Less popular farming methods could help farmers fight against climate change

New research from Ghana shows less popular methods of biochar application are more effective in promoting cowpea growth and yield. The article, "Method of biochar application affects growth, yield and nutrient uptake of cowpea" was published in the De Gruyter open access journal Open Agriculture.

Cowpea is widely cultivated in sub-Saharan Africa and in warm regions around the world. The crop is an important source of human food, livestock feed, and green manure, and generates income for smallholder farmers. It is valued for its ability to boost soil fertility by fixing nitrogen.

But West African farmers - under pressure from climate change, drought, pests, and low soil fertility - have struggled to optimize the yield of this valuable crop. Conventional mineral fertilizers remain expensive for smallholders and can cause soil degradation.

Biochar is a charcoal-like substance made by burning waste plant matter. Adding biochar to soil is a relatively new approach, which has been shown to improve crop yields in many ways. It can increase the soil's water-holding capacity, reduce acidity, increase nutrient supply and retention, and promote the growth of beneficial microbes. But to date, there has been little research into the best method of applying biochar to soils to optimize its benefits.

Scientists tested out the different methods of biochar application on fields at Ghana's CSIR-Soil Research Institute. They planted cowpea seeds in the site's sandy soil and tested out the broadcasting, spot, and ring methods of applying biochar, comparing them to a control.

The broadcasting method sees biochar spread uniformly across the surface and worked into the soil using a hoe. For the spot method, biochar is placed into a small hole and covered with soil. For the ring method, biochar is dug into the soil in a ring around the place where the seed is to be planted.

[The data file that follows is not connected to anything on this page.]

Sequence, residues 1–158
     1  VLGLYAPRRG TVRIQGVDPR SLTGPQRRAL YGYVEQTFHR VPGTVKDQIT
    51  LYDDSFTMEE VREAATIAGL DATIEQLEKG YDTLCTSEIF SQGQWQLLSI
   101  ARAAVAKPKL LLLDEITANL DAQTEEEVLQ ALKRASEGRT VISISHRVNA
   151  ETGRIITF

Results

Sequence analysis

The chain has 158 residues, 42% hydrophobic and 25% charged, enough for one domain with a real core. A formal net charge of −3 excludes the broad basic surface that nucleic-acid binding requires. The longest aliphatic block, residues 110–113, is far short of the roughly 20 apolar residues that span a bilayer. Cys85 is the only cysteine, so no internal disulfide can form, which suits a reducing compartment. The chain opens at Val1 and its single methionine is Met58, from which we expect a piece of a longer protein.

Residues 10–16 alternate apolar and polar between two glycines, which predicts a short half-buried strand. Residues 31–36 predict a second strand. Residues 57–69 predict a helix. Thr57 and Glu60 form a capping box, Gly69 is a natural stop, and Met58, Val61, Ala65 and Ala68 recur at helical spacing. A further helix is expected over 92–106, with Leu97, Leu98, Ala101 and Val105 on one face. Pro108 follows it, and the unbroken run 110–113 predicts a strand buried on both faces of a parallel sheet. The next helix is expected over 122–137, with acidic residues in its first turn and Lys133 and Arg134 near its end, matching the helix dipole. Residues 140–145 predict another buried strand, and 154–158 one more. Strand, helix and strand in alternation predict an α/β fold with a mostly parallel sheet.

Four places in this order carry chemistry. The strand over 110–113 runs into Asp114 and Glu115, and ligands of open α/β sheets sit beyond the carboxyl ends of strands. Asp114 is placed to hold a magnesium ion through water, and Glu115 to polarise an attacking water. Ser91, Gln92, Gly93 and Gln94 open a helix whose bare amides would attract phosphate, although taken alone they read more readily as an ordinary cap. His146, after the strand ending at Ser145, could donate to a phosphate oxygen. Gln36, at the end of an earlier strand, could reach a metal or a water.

The research team confirmed that biochar improved plant height and girth, the number and weight of nitrogen-fixing nodules on the cowpea, pod number, shoot and seed yield as well as nitrogen and phosphorus uptake. The spot and ring methods significantly improved these various measures of crop success.

We've shown the traditional method of broadcast and incorporation to be less effective, whereas the spot and ring methods of biochar application show tremendous benefits for sustainable soil management. Smallholder farmers can now improve their livelihoods by focussing on spot and ring application of biochar for maximum benefit."

Edward Yeboah, Lead Researcher

The team hope to carry out research to explore the effect of different methods of biochar application on different soil types, and on the growth and yield of other crops, such as maize, cassava, and vegetables.

Journal reference:

Yeboah, E., et al. (2020) Method of biochar application affects growth, yield and nutrient uptake of cowpea. Open Agriculture. doi.org/10.1515/opag-2020-0040.


The opinions expressed here are the views of the writer and do not necessarily reflect the views and opinions of AZoLifeSciences.
Post a new comment

While we only use edited and approved content for Azthena answers, it may on occasions provide incorrect responses. Please confirm any data provided with the related suppliers or authors. We do not provide medical advice, if you search for medical information you must always consult a medical professional before acting on any information provided.

Your questions, but not your email details will be shared with OpenAI and retained for 30 days in accordance with their privacy principles.

Please do not ask questions that use sensitive or confidential information.

Read the full Terms & Conditions.

You might also like...
New Research Sheds Light on the Evolution of Skin Appendages